Over 4 years ago, I decided to give up motorbiking in Ireland because of the dangers or riding bikes on Irish roads, yet a year ago I got my 500cc Yamaha Black Max scooter out again and have been riding it since with ever growing enjoyment.
In June this year, we visited a friend who has a 650cc Suzuki motorbike and for the first time in years, I went for a spin on a "proper" motorbike again. That should've really been the end of that, shouldn't it? - Wrong!
Two weeks ago, just before my birthday, I bought a Honda Varadero 1000cc motorbike. The dealer was rather surprised, I think, as it's not the norm in Ireland that motorbikes are being sold to women and certainly not to women in their 50s.
So I picked up the bike last weekend and went for an extended spin. A fine bike with plenty of power. Being a fairly sensible biker, I took it easy as I have a healthy respect for the bike and what it's capable of.
And yesterday, I went for another spin as the weather was nice and sunny, perfect for a motorbike outing. We rode to the West Clare peninsula leading to Loop Head, a very windy spot with a light house surrounded by cliffs and the Atlantic. Nothing but water between here and America.
On the way back, we took a shortcut, a narrow country road of the kind you wouldn't call a road at all in some other countries. My husband was riding ahead on my scooter as his bikes are off the road at present and I followed. I didn't know the road well and had forgotten that there is a very nasty sharp blind bend going downhill. I entered the bend and was concentrating on manoeuvering the bike around it when I saw a car coming towards me. I swerved and got out of its way, but this car was followed immediately by a jeep. I knew I was going to hit the jeep unless I managed to get the bike out of its way quickly and in doing so, I toppled it over.
Next thing, I was lying on the ground with the bike on top of me trapping my left foot. 'This is it', I thought, 'my foot must be broken', as it was twisted at an angle and I couldn't move the bike off it. I was shouting for my husband to lift the bike, but he was down the road and had only just realised what had happened. The driver of the jeep stopped and came running towards me. He managed to lift the bike far enough for me to get my foot out from underneath it.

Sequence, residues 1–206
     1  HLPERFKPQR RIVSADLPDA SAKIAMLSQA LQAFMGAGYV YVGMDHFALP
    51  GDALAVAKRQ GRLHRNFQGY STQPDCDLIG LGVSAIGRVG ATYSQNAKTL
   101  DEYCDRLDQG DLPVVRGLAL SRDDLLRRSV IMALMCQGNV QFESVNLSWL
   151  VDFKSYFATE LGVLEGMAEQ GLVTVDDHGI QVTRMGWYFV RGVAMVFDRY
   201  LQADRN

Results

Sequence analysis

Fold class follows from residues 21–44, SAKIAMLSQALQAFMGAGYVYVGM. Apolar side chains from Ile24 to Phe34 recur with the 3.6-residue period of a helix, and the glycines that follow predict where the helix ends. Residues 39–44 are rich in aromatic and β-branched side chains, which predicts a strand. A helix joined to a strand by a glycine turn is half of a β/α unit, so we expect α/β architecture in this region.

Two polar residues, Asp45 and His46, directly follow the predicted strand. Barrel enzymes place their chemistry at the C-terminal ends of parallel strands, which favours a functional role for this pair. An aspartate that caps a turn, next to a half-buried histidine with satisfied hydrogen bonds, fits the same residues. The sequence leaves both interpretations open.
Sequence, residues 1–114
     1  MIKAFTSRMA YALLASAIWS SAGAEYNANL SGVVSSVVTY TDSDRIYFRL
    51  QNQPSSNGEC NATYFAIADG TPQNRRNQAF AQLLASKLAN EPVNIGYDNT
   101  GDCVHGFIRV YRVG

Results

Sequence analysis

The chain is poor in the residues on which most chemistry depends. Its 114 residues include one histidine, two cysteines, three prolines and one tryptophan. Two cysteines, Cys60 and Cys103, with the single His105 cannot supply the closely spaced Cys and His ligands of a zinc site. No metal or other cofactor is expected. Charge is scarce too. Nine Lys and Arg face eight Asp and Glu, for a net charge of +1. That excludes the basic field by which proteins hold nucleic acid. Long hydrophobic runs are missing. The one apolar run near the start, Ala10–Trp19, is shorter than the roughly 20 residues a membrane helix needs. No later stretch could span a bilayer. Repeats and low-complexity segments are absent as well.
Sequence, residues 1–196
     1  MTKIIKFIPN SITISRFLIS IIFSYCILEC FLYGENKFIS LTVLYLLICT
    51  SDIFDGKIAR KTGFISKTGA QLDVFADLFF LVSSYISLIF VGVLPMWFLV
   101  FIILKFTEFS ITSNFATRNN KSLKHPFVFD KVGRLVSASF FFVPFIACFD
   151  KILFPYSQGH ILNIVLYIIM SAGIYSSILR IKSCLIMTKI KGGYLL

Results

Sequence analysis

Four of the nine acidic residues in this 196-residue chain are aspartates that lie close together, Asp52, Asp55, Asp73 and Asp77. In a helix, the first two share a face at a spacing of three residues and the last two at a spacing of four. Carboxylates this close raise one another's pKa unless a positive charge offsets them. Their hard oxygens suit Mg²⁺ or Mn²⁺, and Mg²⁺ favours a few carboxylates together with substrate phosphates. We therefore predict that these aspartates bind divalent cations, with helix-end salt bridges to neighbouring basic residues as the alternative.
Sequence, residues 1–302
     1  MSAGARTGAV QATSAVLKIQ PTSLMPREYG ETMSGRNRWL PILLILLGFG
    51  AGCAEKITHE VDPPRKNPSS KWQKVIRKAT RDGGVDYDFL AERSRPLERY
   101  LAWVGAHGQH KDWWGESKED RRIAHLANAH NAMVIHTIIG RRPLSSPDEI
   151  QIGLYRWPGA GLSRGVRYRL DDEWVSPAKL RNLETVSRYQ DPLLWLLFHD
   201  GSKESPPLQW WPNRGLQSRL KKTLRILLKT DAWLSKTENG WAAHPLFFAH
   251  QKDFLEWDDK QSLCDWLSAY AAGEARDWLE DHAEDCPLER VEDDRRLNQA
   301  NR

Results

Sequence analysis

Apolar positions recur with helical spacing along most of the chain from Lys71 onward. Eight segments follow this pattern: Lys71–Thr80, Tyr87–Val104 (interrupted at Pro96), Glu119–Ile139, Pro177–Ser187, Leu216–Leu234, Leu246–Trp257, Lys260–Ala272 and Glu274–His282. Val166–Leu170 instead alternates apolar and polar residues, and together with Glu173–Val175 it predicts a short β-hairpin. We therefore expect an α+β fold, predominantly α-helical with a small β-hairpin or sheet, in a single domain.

By then my husband had arrived and after getting me up on my feet, they put the bike in an upright position.
Strangely enough, I was able to stand and even walk. My motorcycle boots had protected my foot from injury.
However, I was badly shaken as this was the first time I had a near collision with a vehicle and the first time I dropped a heavy bike while riding it.
Still, after few minutes I got back on it and rode it home.
After examining myself, I discovered that I merely had a few bruises but was otherwise uninjured. But the effects on my psyche were a lot worse than my bruises.
I told myself (and my husband) off for riding on such a narrow single track road with a bike that I hadn't yet fully mastered.
I started getting feelings of self-doubt asking myself if I'd been too ambitious in getting such a big bike at my age.
I wondered if I should've stuck to riding my scooter instead of getting a bike again.
Now more than 24 hours after the incident, I've started feeling more positive again. I talked to a friend of ours who teaches motorbiking and advanced driving and he gave me some sound advice. I was afraid that my mishap might prevent me from getting on the motorcycle again or that I might be terrified of narrow bends etc.
However, I think with practice and patience, I will be able to get back on track and hopefully enjoy many more fantastic motorbike outings here in Ireland and abroad.